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Blaming one political party or the other is lame, lame, lame. This is simple, people - don't charge anything you don't have the money in the bank to pay for. If you don't, then SAVE FOR IT. Or do without it. Sadly, not everyone was raised this way. My parents grew up dirt poor during the depression, and earned their way to success. My dad went to college - it took him 12 years because he worked during the day and went to night school. And today, people can't seem to go without a big-screen TV on a desk clerk's income. With 3 or 4 kids.
Living below your means leads to a pretty easy, worry-free life. :)
I have to disagree about using credit cards. I always carry a balance of $2,000 to $3,000, but I PAY IT OFF EVERY MONTH. So I get to use their money for free for 30 days. I have not paid interest, annual fees, or any other kind of fee for over 20 years. Other benefits to me:
1. Rewards program on one card gives me about $350 cash every year
2. Other card gives me 5% add'l off everything I buy at their store (Target)
3. My credit score is over 800, which saves me 60% on my house insurance.
4. If I ever do have to borrow money, credit score is good (not planning on it, but you never know what life will bring)
5. Security. I'd much rather have someone get my credit card # than my debit card #. With the debit card the cash is out of my account, and I have to convince my credit union it wasn't me. With credit card, I just dispute the charge and don't pay it - no money out of my pocket.
6. Convenience. I don't carry a lot of cash either - had my purse stolen once and learned my lesson.
7. Auto bill-pay. Again, I'd rather have the cable company make a mistake and have the error on the credit card, where I can dispute it, than out of my bank account.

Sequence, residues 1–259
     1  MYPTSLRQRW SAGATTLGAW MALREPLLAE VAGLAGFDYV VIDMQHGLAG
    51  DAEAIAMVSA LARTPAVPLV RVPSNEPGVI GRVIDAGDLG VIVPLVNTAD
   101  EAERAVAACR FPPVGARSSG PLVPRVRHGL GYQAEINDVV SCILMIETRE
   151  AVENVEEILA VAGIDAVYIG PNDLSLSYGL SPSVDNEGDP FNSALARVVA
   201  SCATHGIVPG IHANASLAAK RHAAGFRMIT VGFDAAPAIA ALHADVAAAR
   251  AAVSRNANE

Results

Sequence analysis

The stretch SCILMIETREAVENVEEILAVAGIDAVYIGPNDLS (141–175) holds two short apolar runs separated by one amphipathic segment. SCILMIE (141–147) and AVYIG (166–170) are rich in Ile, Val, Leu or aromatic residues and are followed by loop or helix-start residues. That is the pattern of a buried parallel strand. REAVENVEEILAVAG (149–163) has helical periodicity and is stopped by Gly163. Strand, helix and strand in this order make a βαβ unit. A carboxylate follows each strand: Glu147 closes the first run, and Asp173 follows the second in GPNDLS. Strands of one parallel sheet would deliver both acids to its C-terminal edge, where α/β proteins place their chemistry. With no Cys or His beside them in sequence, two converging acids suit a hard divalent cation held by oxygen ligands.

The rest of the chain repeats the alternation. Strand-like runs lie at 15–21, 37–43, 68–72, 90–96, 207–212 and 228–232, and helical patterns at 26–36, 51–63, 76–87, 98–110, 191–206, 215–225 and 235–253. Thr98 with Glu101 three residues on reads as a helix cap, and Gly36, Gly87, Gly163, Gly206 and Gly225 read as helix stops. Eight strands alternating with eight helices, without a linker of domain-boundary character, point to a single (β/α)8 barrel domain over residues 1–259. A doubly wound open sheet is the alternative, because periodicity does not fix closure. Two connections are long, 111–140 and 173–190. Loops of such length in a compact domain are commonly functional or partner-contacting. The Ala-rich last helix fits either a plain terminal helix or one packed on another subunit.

I realize your all tired of seeing my comments, but I also want to rant about the distorted credit rating system. So in Seattle or San Antonio, an average debt is about $4,500. So what? At any moment I might have that amount charged on a card. Is transunion or experian saying that this is the average amount rolling from month to month? No, not even. Some pay every month, some don't. And some strategically do this and we all end up with generally a fair to good credit score. These scores ruin lives and have no sense of reality. My score today is fine, but OMG just have one mix-up in life and you're screwed by Mr. Fair Isaac. That guy should die a painful death and I hope he did or does. I did not pay a small bill for 4 months from a crap **** retailer (Pier 1) because they did not send a bill to MY address. They shifted my address to where my life was living for work in another state. It was maybe $300.00. So what would be the minimum payment? $5.00? Whatever, I did not get the bill and really did not know UNTIL I paid $29.00 a month for a ripp-off credit report (that I still pay for as these blood sucking aholes will ruin lives). This was well over 4 years ago, but still shows up as a huge mark against me, as in 100 points. I'm sorry, but I have paid more to credit cards than most people make in a lifetime but yet I have to tell the likes of BofA, Wells Fargo, Citi and JPMorgan this was not that big a deal. Of course they don't care as this give them a right to charge me a few bps for a refi. So, contrary to my previous post I am making a me cupla and saying that (1) credit is good when used smartly, but (2) I hate those MFs for their ability to screw people and that FICO sucks. Ever miss a hospital bill for $3.56 in the last 7 years??